A new environment? This was a tough one. It was tempting to use this challenge as an excuse for a beach holiday, with summer just ending here, but I resisted! It would have been a bit of a stretch to call a weekend at the beach “experiencing a new environment”.
By chance a friend contacted me about joining him on a road trip west (being the city girl I am, I had almost forgotten that there was a west!), out through the Lockyer Valley, one of the richest areas of farming land in the world. I started reading about a small coal mining town called Acland that was all but abandoned. An abandoned town so close to the city, near an operational mine, and on prime agricultural land? We had to go and try to make sense of it ourselves!
Clever me only took my phone camera so I wasn’t able to capture everything quite as I’d like.
The town of Acland was founded in 1912 and once had a population of over 300, with about 60 homes in the town centre. In 2005 a coal mine operator started buying up the homes. From here the story gets complicated and today only one resident remains. You can read more about him and the town here.
When we pulled into Acland I was expecting to see an abandoned town with rows of dilapidated buildings to explore. Instead, there was a main street with manicured gardens and vacant blocks with mowed lawns. It felt almost like an alien craft had come in the night and beamed away all the buildings. One occupied house remains, along with a handful of other abandoned buildings including a church, school, and a few houses. There were slabs of concrete where houses used to stand, and some remnants of the demolition process with nature creeping back in all the cracks and gaps. The last resident, Glen, maintains the gardens that his family established, including a number of native eucalyptus trees. It is a place unlike anything I’ve experienced before, that is for sure.
It is a beautiful place and you can feel the love that Glen has for (what is left of) the town, but there is also an overwhelming feeling of loss. I wanted to capture this in my print but after spending a good chunk of my allotted time for this challenge trying, I had to concede that the story of Acland is too complex to capture in one print (and that I don’t completely understand all those complexities!). Instead I turned to my journey through Acland and what I had personally seen and experienced. Quickly I started to notice the same motif kept popping up, both in the crumbling buildings and flora, as well as the windmills we’d passed on the road. I started to build my sketches around these shapes and eventually things started to fall into place.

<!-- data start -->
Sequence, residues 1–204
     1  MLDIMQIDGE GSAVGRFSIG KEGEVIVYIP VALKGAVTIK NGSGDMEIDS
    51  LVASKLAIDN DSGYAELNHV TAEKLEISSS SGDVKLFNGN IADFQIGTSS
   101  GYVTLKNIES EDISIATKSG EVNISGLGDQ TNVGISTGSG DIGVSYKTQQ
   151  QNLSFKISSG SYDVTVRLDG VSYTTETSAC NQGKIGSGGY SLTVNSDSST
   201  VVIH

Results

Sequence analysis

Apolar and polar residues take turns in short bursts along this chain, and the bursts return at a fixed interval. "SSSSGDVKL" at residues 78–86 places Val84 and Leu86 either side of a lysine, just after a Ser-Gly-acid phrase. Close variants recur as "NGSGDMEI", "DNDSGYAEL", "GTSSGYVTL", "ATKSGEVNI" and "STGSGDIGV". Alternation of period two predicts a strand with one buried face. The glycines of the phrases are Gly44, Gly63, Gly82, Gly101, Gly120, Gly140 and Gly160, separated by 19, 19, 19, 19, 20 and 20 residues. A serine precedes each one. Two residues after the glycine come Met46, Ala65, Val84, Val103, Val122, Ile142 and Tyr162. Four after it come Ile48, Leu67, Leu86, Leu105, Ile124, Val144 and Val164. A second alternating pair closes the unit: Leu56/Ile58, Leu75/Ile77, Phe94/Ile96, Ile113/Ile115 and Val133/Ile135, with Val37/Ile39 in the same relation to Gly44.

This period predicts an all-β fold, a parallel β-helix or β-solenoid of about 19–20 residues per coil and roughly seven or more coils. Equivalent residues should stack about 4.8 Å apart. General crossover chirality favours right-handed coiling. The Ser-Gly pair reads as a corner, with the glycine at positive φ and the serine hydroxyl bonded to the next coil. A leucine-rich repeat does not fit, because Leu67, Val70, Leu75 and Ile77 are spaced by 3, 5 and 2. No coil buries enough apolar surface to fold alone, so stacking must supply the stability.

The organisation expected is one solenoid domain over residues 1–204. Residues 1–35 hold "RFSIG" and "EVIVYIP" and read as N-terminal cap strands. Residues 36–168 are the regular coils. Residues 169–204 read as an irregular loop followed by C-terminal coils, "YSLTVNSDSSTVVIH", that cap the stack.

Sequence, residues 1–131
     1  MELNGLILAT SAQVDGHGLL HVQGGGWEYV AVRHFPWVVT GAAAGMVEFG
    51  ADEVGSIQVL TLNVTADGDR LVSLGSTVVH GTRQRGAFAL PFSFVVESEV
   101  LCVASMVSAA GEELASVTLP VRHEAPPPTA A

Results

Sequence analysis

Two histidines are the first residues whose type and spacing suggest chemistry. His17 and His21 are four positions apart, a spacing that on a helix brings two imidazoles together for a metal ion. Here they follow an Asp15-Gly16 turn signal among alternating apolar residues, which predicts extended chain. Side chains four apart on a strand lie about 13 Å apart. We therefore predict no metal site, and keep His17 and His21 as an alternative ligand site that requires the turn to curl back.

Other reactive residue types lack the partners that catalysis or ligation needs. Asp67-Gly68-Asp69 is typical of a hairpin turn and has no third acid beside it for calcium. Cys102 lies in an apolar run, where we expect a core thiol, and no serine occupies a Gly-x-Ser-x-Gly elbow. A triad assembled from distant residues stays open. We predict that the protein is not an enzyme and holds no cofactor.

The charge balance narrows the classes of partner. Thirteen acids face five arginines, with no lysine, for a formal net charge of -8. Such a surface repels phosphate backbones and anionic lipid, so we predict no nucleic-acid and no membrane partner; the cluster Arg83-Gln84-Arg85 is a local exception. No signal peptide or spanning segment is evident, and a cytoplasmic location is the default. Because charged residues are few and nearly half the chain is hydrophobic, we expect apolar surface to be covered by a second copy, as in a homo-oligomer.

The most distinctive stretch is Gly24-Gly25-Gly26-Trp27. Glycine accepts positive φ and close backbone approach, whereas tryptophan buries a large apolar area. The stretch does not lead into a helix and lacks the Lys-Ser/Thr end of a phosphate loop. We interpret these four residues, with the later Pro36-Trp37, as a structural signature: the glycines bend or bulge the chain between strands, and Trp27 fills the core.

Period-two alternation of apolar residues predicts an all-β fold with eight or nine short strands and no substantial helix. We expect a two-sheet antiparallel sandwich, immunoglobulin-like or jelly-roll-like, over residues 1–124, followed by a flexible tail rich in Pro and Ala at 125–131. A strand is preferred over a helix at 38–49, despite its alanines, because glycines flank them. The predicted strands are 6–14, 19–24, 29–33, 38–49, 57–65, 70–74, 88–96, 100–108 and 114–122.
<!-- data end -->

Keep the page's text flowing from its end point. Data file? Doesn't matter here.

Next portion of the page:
When I look at the final result it reminds me of the wonderful day I spent with friends venturing into the unknown. I particularly like the way that the branches curve around. In my mind they are taking the scenic route, turning off down unexplored paths because… “why not?” and discovering something amazing there.
Picking colours was almost as challenging as coming up with the pattern itself. I wanted to stay true to the faded and muted tones that I found in the environment (in a colourful way) and once again I found inspiration in the eucalyptus trees scattered over Acland. Nature is a wonderful thing with plants often consisting of harmonious colour relationships and eucalyptus plants are a great example of this with their dusty greens and complementary pinks. I didn’t take any great pictures of the trees myself but luckily a local artist, Sophie Munns, had previously visited Acland and posted a photo on her blog, so I was able to pinch some lovely colours from her image.
Finally (if I’ve kept your interest this long!) a big thanks must go to Madeleine and Ellen for a first assignment that not only challenged my skills and creative process but also encouraged me to discover and visit a wonderful place before it is lost forever.